Broojerd sold them on the idea of a brand new modular home and Martinez paid a down payment of $37,000 in cash. When the house arrived in May 2017, Martinez said he noticed two large pieces of insulation had fallen off the truck that were never replaced. He also said there was leftover lumber and pieces of siding left on the ground upon delivery.

The cabinets they received were cracked and rubbed with dirt. There appeared to be mud in the sockets of the electrical outlets and he noticed severe water damage on the walls and massive cracks in the drywall.

The couple moved into the house in December 2017. Now, more than a year later, Martinez said they’re still trying to fix the home he claims falls short of the new building he was promised.

Max Martinez

“I trusted them and they failed at every point to come through on their words,” Martinez said.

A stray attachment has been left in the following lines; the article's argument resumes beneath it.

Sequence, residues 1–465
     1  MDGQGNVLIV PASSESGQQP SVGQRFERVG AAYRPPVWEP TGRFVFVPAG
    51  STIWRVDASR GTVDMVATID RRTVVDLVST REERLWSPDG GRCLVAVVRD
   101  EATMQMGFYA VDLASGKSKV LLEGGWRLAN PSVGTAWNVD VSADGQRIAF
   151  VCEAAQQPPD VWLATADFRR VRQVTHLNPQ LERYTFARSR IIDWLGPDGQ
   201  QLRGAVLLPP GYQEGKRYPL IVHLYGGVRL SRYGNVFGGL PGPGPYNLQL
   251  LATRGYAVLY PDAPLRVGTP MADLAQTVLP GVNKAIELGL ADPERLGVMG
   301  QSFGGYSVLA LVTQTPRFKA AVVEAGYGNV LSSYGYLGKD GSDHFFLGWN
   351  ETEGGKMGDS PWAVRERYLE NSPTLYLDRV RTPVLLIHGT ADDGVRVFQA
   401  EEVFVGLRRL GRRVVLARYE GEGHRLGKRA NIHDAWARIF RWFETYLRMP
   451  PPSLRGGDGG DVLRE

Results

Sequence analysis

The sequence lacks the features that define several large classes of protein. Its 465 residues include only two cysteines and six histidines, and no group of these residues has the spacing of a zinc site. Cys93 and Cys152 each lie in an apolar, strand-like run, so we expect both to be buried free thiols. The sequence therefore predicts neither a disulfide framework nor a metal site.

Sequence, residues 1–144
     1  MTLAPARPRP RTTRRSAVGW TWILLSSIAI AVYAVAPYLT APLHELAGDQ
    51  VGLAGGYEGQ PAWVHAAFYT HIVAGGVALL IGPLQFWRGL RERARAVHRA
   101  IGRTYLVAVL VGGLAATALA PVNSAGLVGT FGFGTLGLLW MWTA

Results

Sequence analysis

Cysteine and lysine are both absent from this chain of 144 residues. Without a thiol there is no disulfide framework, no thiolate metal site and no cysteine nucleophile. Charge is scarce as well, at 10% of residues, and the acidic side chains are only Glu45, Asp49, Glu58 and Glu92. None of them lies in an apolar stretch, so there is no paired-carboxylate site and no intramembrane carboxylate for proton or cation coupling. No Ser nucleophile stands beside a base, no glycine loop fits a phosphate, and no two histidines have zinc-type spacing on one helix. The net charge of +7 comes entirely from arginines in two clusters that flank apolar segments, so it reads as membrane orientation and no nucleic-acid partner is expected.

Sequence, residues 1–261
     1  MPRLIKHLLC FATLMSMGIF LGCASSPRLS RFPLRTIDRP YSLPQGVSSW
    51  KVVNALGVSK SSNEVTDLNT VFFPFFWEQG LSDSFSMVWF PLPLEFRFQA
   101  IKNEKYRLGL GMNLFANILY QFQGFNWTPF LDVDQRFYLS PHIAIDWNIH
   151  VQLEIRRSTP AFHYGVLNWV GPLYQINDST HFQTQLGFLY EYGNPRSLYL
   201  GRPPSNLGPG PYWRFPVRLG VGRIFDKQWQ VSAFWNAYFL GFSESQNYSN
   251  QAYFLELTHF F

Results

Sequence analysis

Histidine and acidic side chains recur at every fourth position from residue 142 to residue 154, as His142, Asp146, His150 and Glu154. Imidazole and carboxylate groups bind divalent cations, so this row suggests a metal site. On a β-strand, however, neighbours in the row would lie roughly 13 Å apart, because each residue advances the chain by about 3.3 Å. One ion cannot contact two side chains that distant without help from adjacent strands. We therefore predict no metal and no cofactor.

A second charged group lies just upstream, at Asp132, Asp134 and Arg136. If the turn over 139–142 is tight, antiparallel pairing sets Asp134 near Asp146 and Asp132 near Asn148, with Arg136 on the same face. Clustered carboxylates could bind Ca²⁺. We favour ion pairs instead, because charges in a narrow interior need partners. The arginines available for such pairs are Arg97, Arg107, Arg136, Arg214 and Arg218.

‘You feel like you’ve been duped’

Paul Tripp is another Green Terra Homes client who is accusing the company of taking his money in a “clear-cut scam.”

In the spring of 2018, Tripp met with a representative from Green Terra Homes to purchase a tiny home on wheels that he would be able to pull behind his truck.

The 28-year-old landscaper from Trenton, Ont. spent $35,000 – his life savings – on a 160-square-foot steel home that never arrived.

Tripp was supposed to receive his modular home in September 2018, but the delivery date came and went with barely an update from Green Terra Homes.

“Come September, it’s clear that the house is not going to be ready,” he recalled to CTV News in January. “They haven’t even started production and the conversation back and forth is getting more and more sporadic.”